Saturday 24 July 2010

Using jQuery and JSONP to load Twitter statuses

In this post I wanted to quickly share how to use jQuery to use Twitter's API to load tweets into a HTML page. This uses AJAX but importantly, it doesn't use any server side code like PHP to load the tweets. All the processing is done on the client's browser which communicates directly with the twitter server. This is possible because Twitter's API supports JSONP, an extension to JSON.

Wikipedia has a good discussion of JSONP but basically, it allows a page to request data from a server other than the one that originally served the page; this isn't usually allowed because of the 'same origin policy' that states that a dynamic element within a browser, such as JavaScript or Flash, can only communicate back to the server that it was loaded from. JSONP gets around this by injecting the JavaScript request into a script tag.

The following code loads my latest tweets into the page. Notice the call to jQuery's getJSON() method, and in particular the first argument. This is the address of the Twitter API for loading my tweets. If you want to load your own tweets, obviously swap 'lampmichael' for your own twitter handle. Also notice 'callback=?' at the end. This is the magic sauce. jQuery will replace the question mark with a dynamically generated function name and when the Twitter service responds to this request, it will call that function which in turn calls the anonymous function that is passed as the second argument to getJSON().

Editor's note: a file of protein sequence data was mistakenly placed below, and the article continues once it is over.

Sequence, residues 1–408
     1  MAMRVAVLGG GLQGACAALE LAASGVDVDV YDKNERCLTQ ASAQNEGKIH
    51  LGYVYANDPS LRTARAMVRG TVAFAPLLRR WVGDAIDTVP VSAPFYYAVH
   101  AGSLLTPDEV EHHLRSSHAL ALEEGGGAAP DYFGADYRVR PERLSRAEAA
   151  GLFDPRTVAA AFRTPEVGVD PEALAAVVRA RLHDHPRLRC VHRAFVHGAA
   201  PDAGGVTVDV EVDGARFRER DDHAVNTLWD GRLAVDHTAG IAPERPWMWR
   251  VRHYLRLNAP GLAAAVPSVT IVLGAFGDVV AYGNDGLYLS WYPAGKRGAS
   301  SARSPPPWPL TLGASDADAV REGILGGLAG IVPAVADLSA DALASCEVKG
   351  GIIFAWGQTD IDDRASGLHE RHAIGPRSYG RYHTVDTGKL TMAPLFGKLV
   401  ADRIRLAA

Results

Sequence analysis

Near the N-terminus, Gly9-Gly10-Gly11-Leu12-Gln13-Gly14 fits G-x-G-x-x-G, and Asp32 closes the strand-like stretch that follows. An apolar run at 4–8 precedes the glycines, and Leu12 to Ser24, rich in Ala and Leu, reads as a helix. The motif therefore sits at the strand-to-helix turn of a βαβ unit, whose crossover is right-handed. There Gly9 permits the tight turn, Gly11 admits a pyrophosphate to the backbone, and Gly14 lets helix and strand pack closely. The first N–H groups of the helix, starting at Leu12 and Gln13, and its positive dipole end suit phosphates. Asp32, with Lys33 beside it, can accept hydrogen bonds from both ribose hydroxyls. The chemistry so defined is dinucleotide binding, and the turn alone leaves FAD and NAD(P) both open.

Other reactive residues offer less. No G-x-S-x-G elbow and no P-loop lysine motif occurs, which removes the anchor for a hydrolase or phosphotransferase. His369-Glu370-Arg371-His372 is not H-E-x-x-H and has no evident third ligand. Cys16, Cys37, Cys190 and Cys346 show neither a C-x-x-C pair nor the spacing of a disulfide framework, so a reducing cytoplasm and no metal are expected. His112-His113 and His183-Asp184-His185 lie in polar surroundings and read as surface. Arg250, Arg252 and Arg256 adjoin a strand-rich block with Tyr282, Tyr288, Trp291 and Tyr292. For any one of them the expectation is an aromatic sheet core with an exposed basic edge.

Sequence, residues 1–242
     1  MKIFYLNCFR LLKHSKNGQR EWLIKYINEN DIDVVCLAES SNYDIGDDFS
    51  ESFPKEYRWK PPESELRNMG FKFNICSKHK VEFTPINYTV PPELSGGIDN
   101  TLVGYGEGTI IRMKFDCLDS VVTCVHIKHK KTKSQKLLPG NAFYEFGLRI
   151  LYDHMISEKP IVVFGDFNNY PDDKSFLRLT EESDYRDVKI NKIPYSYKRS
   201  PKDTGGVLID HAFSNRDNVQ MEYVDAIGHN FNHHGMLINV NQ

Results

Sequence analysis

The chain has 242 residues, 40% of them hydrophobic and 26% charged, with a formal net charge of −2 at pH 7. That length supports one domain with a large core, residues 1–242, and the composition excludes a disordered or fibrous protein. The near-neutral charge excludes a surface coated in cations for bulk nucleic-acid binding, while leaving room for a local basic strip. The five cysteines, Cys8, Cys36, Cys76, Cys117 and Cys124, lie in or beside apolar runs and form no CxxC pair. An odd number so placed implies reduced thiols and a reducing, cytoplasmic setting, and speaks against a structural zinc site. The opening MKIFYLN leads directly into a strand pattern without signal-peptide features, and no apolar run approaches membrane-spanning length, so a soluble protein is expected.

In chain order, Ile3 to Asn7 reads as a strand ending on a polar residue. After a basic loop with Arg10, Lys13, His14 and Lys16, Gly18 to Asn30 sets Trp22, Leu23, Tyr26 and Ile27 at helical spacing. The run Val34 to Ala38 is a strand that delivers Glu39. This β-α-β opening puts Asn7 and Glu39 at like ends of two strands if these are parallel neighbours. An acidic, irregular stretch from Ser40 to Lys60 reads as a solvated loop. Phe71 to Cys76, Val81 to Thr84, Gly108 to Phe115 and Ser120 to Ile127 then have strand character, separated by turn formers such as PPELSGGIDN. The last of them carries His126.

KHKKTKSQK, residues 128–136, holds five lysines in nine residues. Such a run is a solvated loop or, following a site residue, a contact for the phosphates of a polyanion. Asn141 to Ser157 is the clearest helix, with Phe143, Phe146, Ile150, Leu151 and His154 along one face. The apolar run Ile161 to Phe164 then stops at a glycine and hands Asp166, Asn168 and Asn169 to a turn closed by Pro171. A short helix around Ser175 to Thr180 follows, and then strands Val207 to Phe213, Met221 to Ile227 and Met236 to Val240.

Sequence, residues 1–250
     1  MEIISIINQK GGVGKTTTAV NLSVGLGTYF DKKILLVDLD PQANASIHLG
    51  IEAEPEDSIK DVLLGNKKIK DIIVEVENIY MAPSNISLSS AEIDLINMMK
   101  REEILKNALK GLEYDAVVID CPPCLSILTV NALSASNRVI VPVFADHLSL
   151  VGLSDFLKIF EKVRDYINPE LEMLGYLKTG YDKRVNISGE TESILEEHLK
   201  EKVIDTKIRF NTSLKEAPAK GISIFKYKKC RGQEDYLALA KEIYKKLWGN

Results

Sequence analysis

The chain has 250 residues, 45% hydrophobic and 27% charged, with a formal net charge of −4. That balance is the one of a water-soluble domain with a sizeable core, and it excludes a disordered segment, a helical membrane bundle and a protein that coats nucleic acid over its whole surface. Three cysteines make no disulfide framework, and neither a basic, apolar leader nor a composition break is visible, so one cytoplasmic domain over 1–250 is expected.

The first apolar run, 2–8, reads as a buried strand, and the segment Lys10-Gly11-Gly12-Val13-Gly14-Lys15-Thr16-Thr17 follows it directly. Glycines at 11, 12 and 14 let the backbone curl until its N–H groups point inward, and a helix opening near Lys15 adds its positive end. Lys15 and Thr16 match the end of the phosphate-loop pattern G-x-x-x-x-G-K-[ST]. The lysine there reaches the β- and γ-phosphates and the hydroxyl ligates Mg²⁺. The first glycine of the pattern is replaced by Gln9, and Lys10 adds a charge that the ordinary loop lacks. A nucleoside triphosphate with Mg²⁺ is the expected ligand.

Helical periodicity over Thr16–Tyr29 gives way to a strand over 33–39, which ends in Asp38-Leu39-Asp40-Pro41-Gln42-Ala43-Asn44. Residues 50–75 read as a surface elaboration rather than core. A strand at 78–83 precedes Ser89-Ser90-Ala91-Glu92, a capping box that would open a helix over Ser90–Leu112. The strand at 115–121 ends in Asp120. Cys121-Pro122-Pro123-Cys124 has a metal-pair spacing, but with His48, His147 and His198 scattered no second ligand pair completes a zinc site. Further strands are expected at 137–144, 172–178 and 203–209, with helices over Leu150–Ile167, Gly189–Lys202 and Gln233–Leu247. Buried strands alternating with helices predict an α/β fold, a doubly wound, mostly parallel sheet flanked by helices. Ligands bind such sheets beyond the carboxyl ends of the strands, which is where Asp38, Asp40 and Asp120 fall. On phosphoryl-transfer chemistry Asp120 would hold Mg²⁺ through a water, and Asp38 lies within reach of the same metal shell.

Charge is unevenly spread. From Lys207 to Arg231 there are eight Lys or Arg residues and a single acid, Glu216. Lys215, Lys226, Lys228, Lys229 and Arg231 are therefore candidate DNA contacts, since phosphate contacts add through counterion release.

In the anonymous function, the tweets are simply dumped into the body tag within an unordered list. Each tweet has quite a lot of data. In the sample code I've left a commented out debugger statement. Remove the two slashes and load the page in Firefox with Firebug installed to see exactly what Twitter sends back.

<!DOCTYPE html PUBLIC "-//W3C//DTD XHTML 1.0 Strict//EN" "">
 <html xmlns="" xml:lang="en-gb" lang="en-gb" dir="ltr" > 
 <meta http-equiv="content-type" content="text/html; charset=utf-8" />
  <title>Twitter JSONP</title>
  <script src="" type="text/javascript"></script>
  <script type="text/javascript"><!--
  $(document).ready(function () {
      function(data) {
        if (data.length>0) {
          $('body').html('<ol id="tweets"></ol>');
          data.forEach(function(datum) {
            $('#tweets').append('<li>'+datum.text+' ('+datum.source+')</li>');
  <style type="text/css">
  #tweets {
    max-width: 400px;
  #tweets li {
 margin-bottom: 10px;
 padding: 2px
  #tweets li:nth-child(odd) {

As this is just HTML and JavaScript, save the code into a plain old HTML file and load it in your browser right off your desktop; there's no need to serve it from IIS or Apache.

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